Water pump failure, head gasket may be gone, compressions 170/150/155/170

'93 NA6 with 96k miles. Heater was never hot in the 3 weeks of my ownership. Local garage failed to fix that. Car never overheated. Gauge always at 11.30 until it overheated in a split second and blew one second of hot air from the heater. No steam. I switched off and coasted to a halt. Let it cool down. Lifted the bonnet. No signs of anything having happened. No coolant anywhere.

Got the car to a nearby garage, who said, if:

  1. The heater wasn’t giving hot air and
  2. The temp gauge was ok and
  3. There is no pressure in the cooling system and
  4. You don’t have evidence of the service history, just the previous owner’s word
    then the water pump will be gone, and the car will have been cooling the engine only by thermo syphoning for weeks, months, or years.

Here’s the pump they took out. Lo and behold, no vanes left on the impeller side at all.

The compressions are 170/150/155/170.

Does this mean the head gasket is definitely gone, or could it be something else, or the head gasket AND other things? All advice appreciated, because it’ll help decide if I have the engine repaired, or if I replace it, even though the old one now has a new water pump and timing belt in it.

Btw, putting the new belt in and firing up caused every single hose to leak from both ends, and some in the middle, proving there had been no pressure in the system previously. This make me wonder how my local garage could have told me “Yes, of course Dave, the heater is now red hot”, because it wasn’t the next morning, and couldn’t possibly have been the previous day.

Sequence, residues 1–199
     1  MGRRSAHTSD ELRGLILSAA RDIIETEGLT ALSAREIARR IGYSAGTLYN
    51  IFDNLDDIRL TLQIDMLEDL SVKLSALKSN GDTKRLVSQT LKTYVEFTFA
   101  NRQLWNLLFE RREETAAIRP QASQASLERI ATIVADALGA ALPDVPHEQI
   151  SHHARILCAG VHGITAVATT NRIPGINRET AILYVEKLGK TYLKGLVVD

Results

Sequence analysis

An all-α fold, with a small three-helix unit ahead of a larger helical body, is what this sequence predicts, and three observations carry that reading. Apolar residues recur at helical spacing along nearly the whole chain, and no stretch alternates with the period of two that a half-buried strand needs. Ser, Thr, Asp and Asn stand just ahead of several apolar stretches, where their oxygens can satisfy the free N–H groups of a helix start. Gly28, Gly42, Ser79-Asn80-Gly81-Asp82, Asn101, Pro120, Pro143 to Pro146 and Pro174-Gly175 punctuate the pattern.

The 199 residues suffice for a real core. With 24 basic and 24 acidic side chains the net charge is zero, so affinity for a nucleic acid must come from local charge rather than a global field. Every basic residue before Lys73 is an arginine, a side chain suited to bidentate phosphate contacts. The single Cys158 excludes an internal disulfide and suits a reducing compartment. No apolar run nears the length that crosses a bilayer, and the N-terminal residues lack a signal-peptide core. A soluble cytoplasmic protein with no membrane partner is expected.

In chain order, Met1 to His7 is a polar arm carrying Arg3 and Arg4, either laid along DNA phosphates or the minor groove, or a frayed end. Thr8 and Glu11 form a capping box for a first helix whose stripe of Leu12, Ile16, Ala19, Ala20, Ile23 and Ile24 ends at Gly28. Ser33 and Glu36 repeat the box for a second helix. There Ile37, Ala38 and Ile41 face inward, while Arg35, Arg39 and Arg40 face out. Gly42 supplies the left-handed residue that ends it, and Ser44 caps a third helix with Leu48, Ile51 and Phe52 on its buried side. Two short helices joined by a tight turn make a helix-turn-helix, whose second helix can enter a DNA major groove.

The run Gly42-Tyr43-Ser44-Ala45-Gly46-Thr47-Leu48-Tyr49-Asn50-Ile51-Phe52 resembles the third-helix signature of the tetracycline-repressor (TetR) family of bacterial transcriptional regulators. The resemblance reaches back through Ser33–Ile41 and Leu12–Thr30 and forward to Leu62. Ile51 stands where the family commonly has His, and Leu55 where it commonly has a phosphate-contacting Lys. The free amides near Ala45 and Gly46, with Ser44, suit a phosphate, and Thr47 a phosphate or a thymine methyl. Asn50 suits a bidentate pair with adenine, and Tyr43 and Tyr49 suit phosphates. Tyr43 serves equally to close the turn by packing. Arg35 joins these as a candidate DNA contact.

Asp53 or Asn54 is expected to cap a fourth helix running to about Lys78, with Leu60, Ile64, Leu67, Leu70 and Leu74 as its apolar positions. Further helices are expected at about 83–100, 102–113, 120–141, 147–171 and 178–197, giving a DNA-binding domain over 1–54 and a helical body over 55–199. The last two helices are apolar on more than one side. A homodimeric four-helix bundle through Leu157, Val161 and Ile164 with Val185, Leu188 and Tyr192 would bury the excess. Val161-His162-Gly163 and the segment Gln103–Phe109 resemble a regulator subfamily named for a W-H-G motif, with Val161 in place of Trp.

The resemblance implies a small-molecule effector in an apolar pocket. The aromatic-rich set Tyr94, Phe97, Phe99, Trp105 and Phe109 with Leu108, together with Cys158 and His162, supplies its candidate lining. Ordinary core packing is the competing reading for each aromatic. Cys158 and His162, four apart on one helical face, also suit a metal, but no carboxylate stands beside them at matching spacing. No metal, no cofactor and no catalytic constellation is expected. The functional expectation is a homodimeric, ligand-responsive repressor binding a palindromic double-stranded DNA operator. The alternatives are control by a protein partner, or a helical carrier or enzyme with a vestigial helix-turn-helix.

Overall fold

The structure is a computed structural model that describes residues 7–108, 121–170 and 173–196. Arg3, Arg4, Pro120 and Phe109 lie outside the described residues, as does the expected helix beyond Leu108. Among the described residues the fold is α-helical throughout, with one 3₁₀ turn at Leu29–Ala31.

Since your going to have to fix any leaking cooling hoses anyway I would fix these first, if the engine is starting and running ok and cooling system works as it should you might just get away with it.

Having read your other post re the court issue etc, I get your concerns.
Based on the fact the pump should have vanes on it what has happened to them?
Did you have coolant in the system or just water.
Have they rusted away or broken off and blocked the water gallery somewhere.
My initial impression would be a blocked system.
Which I would be concerned about due to the fact the new pump was over pressuring the hoses and forcing them to leak.
IF it was my car I would be having a full strip down and flush and check for debris.
The works, engine, radiator, hoses the whole lot.
Before I fired it up again.
Just my opinion of course.

The repairing garage is 100% certain that there is no sign of the vanes having fallen off, but that they have corroded away because the coolant had not previously been changed often enough and had become acidic, or the system had been run with just water, or too high a concentration of water. The vanes had been turned into a sacrificial node, as is found in immersion heaters.

The seller had very recently put new coolant in, perhaps to disguise this defective maintenance.